Financial services group Discovery says it expects profit from operations to rise between 17% and 21% for the six months ended December 2020 compared to the same period a year ago.
However, higher average interest rates in South Africa (SA) and a strong recovery in the rand had a material impact on headline earnings, which are anticipated to decline by between 8% and 12% compared to the prior period, with normalised headline earnings are expected to change between -3% and +1% when the group reports its financial results on Thursday, 25 February.
“The period under review was complex, dominated by the Covid-19 pandemic with corresponding economic uncertainty, market volatility and societal need,” Discovery said in a statement on Tuesday (23 February).
The group said it experienced Covid-related deaths of almost 5,000 members.
Discovery manages 39% of the total membership of medical schemes in South Africa, including Discovery Health Medical Scheme (DHMS) – South Africa’s largest open medical scheme, with a 57% share of the open medical scheme.
South Africa’s Covid-19 daily infections continue to drop, with 792 new cases logged on Monday.
Health minister, Dr Zweli Mkhize, expressed his condolences to the families of the 97 people who lost their lives to Coronavirus in the last 24 hours.
This pushed the death toll to 49,150, while the cumulative number of cases has peaked to 1 504 588 since the outbreak.
The operating performance of Discovery for the six months ended December 2020 can be summarized by the expected growth in normalised profit from the following operations:
- Discovery Health 4% to 8%
- Discovery Life 1% to 5%
- Discovery Invest -5% to -1%
- Discovery Insure 41% to 45%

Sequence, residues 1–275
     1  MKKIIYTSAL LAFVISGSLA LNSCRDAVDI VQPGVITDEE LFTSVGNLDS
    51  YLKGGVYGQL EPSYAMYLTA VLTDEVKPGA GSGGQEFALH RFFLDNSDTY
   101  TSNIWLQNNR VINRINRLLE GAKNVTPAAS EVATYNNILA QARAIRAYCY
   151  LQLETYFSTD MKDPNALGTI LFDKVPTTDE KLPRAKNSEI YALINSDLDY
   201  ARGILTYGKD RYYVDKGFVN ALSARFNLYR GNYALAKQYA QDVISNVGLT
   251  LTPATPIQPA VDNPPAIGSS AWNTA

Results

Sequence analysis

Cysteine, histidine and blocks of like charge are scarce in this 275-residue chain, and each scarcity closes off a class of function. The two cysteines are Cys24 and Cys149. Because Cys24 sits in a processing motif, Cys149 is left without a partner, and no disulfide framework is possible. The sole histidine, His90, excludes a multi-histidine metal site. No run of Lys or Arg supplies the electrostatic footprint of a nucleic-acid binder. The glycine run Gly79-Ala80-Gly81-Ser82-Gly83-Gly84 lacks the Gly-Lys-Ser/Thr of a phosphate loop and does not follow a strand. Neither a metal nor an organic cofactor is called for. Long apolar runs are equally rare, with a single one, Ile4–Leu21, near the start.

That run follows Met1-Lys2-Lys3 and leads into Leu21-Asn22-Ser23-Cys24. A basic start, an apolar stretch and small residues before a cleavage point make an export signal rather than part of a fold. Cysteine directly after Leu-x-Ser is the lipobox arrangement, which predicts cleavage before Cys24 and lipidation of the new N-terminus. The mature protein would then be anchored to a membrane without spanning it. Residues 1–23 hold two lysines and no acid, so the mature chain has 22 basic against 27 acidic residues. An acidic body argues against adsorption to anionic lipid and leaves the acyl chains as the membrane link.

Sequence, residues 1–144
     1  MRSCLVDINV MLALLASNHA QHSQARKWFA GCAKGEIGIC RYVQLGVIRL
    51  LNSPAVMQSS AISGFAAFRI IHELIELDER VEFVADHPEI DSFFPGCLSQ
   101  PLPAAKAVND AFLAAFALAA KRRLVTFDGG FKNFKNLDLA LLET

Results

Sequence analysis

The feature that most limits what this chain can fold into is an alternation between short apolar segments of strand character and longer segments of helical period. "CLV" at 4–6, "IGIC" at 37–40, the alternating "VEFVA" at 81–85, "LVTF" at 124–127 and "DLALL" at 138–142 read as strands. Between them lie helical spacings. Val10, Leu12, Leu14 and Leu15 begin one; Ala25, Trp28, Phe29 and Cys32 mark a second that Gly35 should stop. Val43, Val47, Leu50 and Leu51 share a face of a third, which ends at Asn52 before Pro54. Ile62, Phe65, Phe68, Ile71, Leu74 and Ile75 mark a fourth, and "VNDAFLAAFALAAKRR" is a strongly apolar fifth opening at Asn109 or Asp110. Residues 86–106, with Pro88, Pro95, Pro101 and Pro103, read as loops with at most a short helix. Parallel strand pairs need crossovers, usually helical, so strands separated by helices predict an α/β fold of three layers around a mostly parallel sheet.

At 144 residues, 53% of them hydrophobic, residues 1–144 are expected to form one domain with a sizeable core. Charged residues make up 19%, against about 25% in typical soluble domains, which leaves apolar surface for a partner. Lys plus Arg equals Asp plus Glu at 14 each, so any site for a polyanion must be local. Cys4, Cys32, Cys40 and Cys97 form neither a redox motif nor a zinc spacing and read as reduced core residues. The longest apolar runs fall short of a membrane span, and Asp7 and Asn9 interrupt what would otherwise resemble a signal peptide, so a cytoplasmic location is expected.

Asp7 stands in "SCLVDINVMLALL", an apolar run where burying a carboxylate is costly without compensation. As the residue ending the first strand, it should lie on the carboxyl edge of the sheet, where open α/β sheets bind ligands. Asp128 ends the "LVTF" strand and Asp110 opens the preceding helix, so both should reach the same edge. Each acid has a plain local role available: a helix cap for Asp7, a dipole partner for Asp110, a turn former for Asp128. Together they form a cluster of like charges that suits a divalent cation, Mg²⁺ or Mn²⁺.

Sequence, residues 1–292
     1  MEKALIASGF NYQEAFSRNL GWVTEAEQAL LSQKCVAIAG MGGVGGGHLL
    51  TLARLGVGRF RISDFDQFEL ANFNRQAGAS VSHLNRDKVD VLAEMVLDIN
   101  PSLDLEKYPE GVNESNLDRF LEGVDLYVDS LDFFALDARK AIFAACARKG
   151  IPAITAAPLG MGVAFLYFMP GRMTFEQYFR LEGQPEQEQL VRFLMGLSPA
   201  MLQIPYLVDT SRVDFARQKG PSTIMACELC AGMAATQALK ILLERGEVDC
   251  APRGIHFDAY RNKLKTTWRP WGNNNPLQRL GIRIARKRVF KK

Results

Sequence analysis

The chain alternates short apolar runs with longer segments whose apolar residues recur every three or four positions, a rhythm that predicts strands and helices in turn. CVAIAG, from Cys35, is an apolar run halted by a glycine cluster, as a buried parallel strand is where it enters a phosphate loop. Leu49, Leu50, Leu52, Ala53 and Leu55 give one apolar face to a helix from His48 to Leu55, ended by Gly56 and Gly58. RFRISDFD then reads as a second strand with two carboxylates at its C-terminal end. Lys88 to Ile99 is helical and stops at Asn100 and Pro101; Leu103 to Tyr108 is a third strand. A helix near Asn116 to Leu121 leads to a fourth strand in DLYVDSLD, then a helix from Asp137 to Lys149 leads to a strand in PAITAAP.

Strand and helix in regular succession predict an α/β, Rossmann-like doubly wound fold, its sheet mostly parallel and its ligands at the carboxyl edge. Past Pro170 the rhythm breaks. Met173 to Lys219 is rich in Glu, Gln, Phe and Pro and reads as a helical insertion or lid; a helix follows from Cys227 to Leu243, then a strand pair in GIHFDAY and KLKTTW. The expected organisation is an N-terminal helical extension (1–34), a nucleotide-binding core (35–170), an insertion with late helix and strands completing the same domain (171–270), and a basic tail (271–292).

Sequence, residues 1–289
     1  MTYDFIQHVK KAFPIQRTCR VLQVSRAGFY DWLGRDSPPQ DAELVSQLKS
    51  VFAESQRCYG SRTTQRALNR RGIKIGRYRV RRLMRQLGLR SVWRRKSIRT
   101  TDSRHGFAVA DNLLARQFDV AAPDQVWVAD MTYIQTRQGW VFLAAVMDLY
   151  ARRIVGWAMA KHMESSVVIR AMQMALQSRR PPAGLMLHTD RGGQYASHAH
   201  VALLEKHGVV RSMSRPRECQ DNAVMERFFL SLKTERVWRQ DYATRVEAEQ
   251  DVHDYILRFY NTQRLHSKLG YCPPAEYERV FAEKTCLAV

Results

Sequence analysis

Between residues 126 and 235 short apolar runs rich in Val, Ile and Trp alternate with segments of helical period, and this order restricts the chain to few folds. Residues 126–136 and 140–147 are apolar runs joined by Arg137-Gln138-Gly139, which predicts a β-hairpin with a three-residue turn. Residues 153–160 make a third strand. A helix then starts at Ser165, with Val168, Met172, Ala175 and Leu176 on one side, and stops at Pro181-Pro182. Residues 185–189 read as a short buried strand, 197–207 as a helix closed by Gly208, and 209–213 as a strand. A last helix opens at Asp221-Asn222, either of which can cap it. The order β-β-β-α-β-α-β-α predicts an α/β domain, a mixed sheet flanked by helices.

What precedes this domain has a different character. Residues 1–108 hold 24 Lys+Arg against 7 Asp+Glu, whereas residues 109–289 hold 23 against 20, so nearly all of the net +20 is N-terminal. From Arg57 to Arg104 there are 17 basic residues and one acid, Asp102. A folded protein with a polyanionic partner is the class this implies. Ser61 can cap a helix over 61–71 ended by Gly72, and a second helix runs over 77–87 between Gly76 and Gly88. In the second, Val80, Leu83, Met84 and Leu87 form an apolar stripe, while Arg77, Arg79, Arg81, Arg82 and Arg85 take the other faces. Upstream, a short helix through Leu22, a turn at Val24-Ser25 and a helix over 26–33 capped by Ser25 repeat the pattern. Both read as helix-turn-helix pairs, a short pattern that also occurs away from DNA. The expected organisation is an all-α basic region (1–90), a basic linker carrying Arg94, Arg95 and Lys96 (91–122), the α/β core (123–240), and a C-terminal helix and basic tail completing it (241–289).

- VitalityHealth 22% to 26%
- VitalityLife >200%
- VitalityGroup >100%
Discovery said that the average effective interest rates used to value assets under insurance contracts in South Africa increased significantly during the last six months of its previous full financial year.
These average effective rates have elevated further, notably real rates, and the impact of this continued, reducing the value of assets under insurance contracts by R490 million (before taxation), net of discretionary margins.
This had a marked effect on headline earnings growth, as the comparative six-month period preceded this rise in interest rates, it said.
It said that with the strengthening of the rand, the impact over the period under review included foreign currency losses of R360 million (before taxation) on the translation of foreign currency assets, and a fair value loss of R210 million (before taxation) on the currency hedge.
Discovery said that it expects basic earnings per share, and HEPS for the six months ended December 2020 to decrease in the range of 5% to 15%.
Normalised basic headline earnings per share is expected to be in the range of -5% to 5% between 334.5 cents and 369.7 cents over the prior period.